Saturday, June 15, 2024

North Korea empowered Batswana artists

For reasons that have never been adequately disclosed, Botswana has so fallen out with North Korea that it cut off all ties with the communist state. However, evidence of North Korea’s presence in Botswana will forever literally loom large. To honour the three dikgosi who went to London in 1895 to remind the British government of its promise to protect Bechuanaland Protectorate, the Botswana government decided to erect a monument in the heart of the capital city. A tender was floated and there was overwhelming response from local artists.

However, design samples that Btv would later show were proof positive that this was one job that Botswana had no absolutely capacity to do. The programme appeared to have been a public relations exercise to douse a firestorm that was raging all across the country after the tender was floated internationally and won by a North Korean company called Mansudae Overseas Projects. When the Three Dikgosi Monument towered above everything else within the vicinity, the Mansudae artists should have gone back home but didn’t. The next phase of their assignment was to teach some Batswana artists tricks of the trade.

Facilitated by the National Museum and Art Gallery, this training was held at the Thapong Visual Arts Centre in Gaborone. Sunday Standard did observe the training for one full day and there was general appreciation among the artists about what they were learning. One of the artists who received the Mansudae training says that he “learnt a lot” from the North Korean instructors. The latter were then and are now, drawn from elite art academies in North Korea. As we reported last week, Botswana’s business dealings with what the west calls a “rogue state” has drawn the attention and ire of the United Nations. The international body has imposed sanctions on North Korea because of its long-running nuclear weapons development programme. North Korea supposedly uses money it makes through Mansudae to fund this programme.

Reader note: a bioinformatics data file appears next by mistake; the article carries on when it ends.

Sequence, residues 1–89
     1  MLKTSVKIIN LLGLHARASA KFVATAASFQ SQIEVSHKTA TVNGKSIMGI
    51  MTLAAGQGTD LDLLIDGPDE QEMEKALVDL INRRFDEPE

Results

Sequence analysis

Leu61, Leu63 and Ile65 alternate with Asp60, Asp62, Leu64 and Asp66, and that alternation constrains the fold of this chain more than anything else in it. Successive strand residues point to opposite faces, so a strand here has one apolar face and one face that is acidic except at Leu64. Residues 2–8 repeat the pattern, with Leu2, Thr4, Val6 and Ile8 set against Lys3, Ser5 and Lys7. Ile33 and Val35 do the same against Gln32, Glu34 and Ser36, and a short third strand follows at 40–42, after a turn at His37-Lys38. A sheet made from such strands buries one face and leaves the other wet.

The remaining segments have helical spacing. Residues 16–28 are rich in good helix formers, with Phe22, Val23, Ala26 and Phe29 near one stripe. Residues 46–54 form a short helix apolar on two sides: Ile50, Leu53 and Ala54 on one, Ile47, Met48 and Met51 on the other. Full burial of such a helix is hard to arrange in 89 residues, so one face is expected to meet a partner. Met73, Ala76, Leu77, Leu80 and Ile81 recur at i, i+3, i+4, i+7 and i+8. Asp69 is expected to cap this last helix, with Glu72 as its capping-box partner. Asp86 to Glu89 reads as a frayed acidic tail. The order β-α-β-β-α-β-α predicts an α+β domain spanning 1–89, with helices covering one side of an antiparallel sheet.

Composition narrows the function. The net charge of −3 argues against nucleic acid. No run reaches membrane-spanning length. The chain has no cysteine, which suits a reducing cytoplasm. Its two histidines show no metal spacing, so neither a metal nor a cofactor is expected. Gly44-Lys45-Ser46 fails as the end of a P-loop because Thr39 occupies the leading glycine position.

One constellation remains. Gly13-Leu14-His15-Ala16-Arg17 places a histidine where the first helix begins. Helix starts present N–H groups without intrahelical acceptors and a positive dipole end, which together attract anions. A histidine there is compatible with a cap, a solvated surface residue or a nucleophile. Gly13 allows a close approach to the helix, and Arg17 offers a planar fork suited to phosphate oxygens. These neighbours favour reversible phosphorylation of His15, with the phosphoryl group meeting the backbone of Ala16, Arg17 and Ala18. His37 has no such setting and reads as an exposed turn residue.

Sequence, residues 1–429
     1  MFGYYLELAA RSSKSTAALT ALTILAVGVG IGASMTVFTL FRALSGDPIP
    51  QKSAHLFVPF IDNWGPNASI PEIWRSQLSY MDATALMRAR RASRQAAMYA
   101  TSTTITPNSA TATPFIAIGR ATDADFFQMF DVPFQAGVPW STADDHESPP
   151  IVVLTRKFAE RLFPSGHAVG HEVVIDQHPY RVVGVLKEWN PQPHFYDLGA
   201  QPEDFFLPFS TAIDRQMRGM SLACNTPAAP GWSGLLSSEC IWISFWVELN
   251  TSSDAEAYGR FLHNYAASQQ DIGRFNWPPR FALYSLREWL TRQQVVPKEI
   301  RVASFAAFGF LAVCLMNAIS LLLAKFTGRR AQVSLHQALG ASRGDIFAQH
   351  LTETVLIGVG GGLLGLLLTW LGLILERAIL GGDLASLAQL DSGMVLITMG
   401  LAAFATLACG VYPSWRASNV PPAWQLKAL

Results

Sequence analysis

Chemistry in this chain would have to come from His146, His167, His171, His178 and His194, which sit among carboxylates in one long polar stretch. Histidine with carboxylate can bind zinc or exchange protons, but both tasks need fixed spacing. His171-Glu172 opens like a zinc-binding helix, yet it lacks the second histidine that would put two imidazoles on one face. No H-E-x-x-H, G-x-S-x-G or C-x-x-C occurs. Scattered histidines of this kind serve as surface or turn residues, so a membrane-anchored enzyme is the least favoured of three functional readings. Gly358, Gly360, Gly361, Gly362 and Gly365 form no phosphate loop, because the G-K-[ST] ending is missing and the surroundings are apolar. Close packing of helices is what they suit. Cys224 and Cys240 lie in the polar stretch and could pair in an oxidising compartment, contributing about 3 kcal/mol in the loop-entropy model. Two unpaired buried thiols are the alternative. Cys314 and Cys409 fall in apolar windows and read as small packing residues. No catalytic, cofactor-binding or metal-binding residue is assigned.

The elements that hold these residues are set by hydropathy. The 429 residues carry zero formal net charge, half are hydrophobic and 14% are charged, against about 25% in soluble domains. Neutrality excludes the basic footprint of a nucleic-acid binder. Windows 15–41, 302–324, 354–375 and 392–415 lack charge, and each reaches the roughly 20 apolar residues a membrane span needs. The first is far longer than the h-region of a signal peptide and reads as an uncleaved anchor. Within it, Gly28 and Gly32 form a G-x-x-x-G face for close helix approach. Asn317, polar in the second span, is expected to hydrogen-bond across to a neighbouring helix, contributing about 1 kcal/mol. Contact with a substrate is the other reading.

As a UN member, Botswana should not have done business with North Korea and the Three Dikgosi Monument has come under controversial focus. Americans wouldn’t be unhappy about a North Korean structure standing taller than their embassy but also about the canon of art that was used to make such structure. The monument was rendered in socialist realism, a style of art that was developed in the early days of the Soviet Union and soon spread to other socialist countries. The government may have cut ties with North Korea but the country has left its ideological imprint in Botswana’s seat of government. Botswana was not the only country that has used Mansudae’s services.

The company built a statue of Samora Machel in Mozambique and Laurent Kabila in the Democratic Republic of Congo. Its most iconic structure is in Senegal where it built the African Renaissance Monument, which holds the record of being the tallest in Africa. Mansudae has done its most work in Namibia where it built the Heroes Acre, the Okahantja Military Museum, the official presidential residence and the Independence Memorial Museum. If the UN really wants to haul countries that did business with North Korea over the coals, it will find, on the list of culprits, a First World that it cannot bully the way it does Third World ones. In 2005, Germany commissioned Mansudae to reconstruct an art nouveau relic from 1910 that was melted down for its metal during World War II.


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